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China creates new FTZs and expands old to facilitate reforms
Updated: 2014-12-30

BEIJING -- China has expanded its free trade zone (FTZ) in Shanghai and established 3 new zones with eased investment rules to speed up reforms amid economic hardship.

The new zones and expansion of the Shanghai pilot zone were authorized during the bi-monthly meeting of the National People's Congress on Sunday.

Government approvals will end as a precondition for overseas companies setting up ventures or changing their purpose of business in these zones. Instead the companies only need to file a report to the authorities, according to the meeting.

The adjustment will take effect in March and will last for three years, after which official assessment will decide whether the policy should continue.

The move met market expectations that restriction on foreign capital will be gradually scrapped and marked the latest efforts by the central government to push its reform drive and stimulate the economy.

Policy makers vowed more efforts to reform and open up during a top-level economic policy meeting in the beginning of the month, which means foreign companies can expect more opportunities with widening market access.

China has managed to keep a steady but safe pace in opening its market to global competitors in order to shore up economy and avoid mistakes, which, even if small, could be costly to the world's second largest economy.

But thanks to the FTZs, the country can test opening-up measures with limited risks in small but critical business areas.

Li Wenpu, vice-president of the school of economics of Xiamen University, described the FTZs as a pressure test for reform and said the free trade zones will press ahead further measures including streamlining administration and delegating powers.

The meeting said China will expand the Shanghai FTZ to include the city's commercial and financial center Lujiazui, as well as Jinqiao and Zhangjiang districts.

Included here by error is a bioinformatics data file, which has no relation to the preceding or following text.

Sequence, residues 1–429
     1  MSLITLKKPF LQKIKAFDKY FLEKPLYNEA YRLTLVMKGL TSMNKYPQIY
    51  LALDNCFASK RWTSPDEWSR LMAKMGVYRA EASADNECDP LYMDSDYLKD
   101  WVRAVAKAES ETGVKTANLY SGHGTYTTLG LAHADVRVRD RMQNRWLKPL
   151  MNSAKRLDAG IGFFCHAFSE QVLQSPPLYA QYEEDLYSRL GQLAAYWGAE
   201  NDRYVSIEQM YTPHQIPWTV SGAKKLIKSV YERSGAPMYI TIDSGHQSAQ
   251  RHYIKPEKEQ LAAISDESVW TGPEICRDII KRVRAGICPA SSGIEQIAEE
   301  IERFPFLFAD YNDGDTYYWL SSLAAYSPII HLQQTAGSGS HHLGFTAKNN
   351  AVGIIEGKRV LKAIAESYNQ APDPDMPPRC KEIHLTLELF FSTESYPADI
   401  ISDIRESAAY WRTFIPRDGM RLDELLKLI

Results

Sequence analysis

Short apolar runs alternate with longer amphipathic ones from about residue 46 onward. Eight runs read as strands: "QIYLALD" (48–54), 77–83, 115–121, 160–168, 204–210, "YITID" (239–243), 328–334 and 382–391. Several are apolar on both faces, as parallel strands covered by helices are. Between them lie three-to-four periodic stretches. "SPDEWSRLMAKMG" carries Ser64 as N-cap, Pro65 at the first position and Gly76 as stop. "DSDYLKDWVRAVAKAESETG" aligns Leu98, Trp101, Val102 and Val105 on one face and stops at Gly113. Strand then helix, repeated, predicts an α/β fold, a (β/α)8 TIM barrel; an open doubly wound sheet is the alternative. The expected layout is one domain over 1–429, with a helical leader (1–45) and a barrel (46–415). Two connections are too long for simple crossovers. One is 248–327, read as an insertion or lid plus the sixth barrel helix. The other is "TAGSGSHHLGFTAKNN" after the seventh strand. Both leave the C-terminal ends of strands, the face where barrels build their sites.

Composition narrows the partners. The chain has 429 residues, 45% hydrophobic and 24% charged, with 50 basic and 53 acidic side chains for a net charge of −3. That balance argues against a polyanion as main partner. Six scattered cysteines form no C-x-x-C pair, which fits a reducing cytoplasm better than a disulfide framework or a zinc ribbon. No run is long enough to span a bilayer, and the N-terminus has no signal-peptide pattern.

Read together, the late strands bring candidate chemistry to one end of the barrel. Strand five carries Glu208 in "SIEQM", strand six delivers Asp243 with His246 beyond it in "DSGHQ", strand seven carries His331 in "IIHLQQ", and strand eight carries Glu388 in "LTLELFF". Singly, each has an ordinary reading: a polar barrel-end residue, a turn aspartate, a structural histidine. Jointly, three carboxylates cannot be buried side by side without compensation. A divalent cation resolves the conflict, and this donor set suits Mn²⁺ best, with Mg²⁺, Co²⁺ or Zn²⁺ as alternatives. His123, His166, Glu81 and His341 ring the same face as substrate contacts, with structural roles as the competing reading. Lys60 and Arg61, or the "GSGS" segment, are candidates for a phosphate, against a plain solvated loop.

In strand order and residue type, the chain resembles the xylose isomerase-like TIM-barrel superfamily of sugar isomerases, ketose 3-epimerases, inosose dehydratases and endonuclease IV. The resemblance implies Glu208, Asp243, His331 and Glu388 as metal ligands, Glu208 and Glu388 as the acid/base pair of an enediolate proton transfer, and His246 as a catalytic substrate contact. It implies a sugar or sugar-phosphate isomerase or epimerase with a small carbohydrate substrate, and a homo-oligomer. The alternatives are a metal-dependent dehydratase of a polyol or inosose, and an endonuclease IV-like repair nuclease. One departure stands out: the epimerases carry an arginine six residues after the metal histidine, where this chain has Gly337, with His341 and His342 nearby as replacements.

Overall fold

"The FTZ expansion will help explore new paths and accumulate experience for the country's further and overall reform," said Li Guanghui, vice-president of Chinese Academy of International Trade and Economic Cooperation.

It will test China's reform policies in a broader area and also the feasibility to promote pilot measures in Shanghai to other regions, Li Guanghui added.

Using similar terms, Commerce Minister Gao Hucheng said the expanded Shanghai FTZ will test innovative and opening-up measures including foreign investment management, service sector opening up and more flexible supervision.

The meeting specified the geographic limits of trade zones in Guangdong, Fujian provinces and Tianjin municipality, the establishment of which was announced by the central government earlier this month.

Gao said the three new zones will shoulder distinct responsibilities in the economic opening up.

Li Guanghui said the Guangdong FTA will be centered on Hong Kong and Macao economic integration and benefit the upgrading of China-ASEAN trade. Fujian's trade zone will strengthen ties with Taiwan and the Tianjin FTA will serve to coordinate development among Beijing, Tianjin and Hebei province.

Since the launch of the Shanghai FTZ in September 2013, 27 reform measures concerning foreign investment management, trade supervision and corporate annual reports have been copied and applied in other parts of China.